This is Just a Place

In a way, this post has been writing itself in my head for a long time, years maybe, but the words started to come together several months ago when my friend and I sat down with some European food writers who had come here on a press trip.

Their trip was disappointing, but that’s a topic for another day and another post. We, however, managed to snag them for about an hour, and we shared wine and snacks and told them about the Israeli food scene. But this is Israel, and they’re European, and inevitably it came up that one of them was sort of being bullied on Instagram for posting pictures of Israel. “Israel? You mean Palestine.” “How could you support that country?” And so on.

That’s the thing about Israel — it’s never just about food or art or music or archaeology. It’s always about politics and Israelis and Palestinians. Even when it’s so not.

And suddenly I found myself spewing out this monologue of half-formed sentences that started out with this: This is just a place.

Yes, it’s so much more than that. And there are political problems (lots of them, but we’re not the only country to have them) and economic problems (lots of them, but we’re not the only country to have them). And problems with our neighbors. And problems with other countries. And there is the world media that sits right on our lands and spews out hatred about us. And there’s a world out there of — yes, it sounds like hysterics, but it’s true — people who still hate Jews.

But this is just a place.

It’s a place where people wake up in the morning and drink coffee and walk their dogs and take their kids to school and pick them up and rush out in the middle of the night to buy cigarettes (yes, unfortunately there are still too many people in this country who smoke cigarettes). It’s a place where people worry about making ends meet and how much milk costs and if their kid acted up in school. A place where people fight and cry and kiss their partners goodnight and feel things.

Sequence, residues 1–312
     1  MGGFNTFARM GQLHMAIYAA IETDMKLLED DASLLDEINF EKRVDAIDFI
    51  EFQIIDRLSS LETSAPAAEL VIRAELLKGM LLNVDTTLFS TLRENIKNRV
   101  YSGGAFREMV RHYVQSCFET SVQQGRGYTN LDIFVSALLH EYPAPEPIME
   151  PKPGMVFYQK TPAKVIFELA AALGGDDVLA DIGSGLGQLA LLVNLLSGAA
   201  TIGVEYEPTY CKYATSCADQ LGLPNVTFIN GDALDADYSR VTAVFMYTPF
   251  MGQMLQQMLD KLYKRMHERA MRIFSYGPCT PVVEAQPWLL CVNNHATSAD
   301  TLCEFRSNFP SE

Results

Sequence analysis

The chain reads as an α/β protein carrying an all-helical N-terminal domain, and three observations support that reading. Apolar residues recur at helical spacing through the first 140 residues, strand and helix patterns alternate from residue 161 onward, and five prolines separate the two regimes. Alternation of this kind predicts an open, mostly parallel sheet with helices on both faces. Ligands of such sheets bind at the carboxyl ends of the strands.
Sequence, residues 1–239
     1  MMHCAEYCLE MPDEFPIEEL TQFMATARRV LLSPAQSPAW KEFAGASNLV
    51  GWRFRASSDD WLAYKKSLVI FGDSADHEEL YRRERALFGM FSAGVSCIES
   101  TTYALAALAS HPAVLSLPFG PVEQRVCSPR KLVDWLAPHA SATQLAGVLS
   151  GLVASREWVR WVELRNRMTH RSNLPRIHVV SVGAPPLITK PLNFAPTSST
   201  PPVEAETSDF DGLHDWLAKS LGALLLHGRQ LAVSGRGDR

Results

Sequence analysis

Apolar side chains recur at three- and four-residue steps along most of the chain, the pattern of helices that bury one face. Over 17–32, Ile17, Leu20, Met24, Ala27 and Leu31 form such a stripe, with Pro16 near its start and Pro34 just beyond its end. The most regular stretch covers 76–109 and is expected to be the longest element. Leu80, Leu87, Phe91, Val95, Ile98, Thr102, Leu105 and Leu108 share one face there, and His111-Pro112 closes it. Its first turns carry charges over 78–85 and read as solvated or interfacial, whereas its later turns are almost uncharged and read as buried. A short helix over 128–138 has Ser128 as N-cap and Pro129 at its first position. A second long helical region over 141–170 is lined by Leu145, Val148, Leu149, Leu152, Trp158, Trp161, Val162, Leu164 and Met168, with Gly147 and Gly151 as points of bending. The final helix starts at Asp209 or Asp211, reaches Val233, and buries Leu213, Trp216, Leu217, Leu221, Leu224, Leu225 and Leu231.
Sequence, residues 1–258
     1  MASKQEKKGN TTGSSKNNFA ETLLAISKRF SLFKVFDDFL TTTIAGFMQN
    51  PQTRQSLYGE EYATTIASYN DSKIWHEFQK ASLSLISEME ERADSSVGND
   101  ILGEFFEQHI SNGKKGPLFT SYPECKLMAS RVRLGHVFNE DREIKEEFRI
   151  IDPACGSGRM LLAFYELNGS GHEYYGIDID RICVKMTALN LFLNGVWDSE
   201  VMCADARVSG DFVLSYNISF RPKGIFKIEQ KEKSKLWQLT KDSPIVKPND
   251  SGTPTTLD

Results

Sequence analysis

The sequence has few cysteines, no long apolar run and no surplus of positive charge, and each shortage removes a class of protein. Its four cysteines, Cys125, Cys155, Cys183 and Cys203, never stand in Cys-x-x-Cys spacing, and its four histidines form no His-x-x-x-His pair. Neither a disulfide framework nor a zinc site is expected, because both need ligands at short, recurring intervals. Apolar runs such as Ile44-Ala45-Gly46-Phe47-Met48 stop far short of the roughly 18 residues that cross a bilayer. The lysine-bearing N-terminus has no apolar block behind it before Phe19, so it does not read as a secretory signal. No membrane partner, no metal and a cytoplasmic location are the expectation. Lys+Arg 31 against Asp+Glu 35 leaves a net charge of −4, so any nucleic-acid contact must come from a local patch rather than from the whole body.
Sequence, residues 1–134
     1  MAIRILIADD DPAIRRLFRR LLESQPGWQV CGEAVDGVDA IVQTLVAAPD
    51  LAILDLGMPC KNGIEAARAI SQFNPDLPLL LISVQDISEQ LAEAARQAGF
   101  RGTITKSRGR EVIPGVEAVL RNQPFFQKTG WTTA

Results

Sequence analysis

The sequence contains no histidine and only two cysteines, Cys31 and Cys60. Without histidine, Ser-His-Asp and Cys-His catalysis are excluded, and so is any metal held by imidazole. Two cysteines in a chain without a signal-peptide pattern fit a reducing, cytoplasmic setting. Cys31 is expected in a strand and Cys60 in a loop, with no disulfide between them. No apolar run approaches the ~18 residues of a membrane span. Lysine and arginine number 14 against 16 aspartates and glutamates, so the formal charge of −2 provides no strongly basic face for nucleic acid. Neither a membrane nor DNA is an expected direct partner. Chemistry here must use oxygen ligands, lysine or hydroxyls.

This place that we call Israel is a place full of ordinary people going about their ordinary lives. People who don’t think about capital-letter words like Occupation and War and Security while they’re eating breakfast because they’re too busy thinking about how the price of milk went up and how they’re late to work.

It’s a nation full of people who aren’t Bibi Netanyahu or the police or people who terrorize or oppress. It’s a nation full of people—people like my grandparents, who left World War II Poland, where their entire families were murdered—who came here because they didn’t have anywhere else to go.

We have criminals, but we’re not all criminals. We have intellectuals and visionaries, but we can’t all be intellectuals and visionaries, either. That’s the thing about being just a place.

Words like “double standards” and “higher standards” and “high expectations” get thrown around all the time in relation to Israel. Words like “the Israelis” — and “the Palestinians,” too, by the way. But those “Israelis”– and those “Palestinians”– are just people trying to live a normal existence in a place that has been made abnormal by outside circumstances. If those “Israelis” were born and raised somewhere else, they would simply be called “Canadians” or “Indians” or “Danes.”

Because this is just a place.

About the Author
Merav Levkowitz is an independent writer, editor and content strategist. The daughter of an Israeli and a Colombian, Merav speaks six languages. At any given moment, Merav is planning either her next meal or her next trip—or both.
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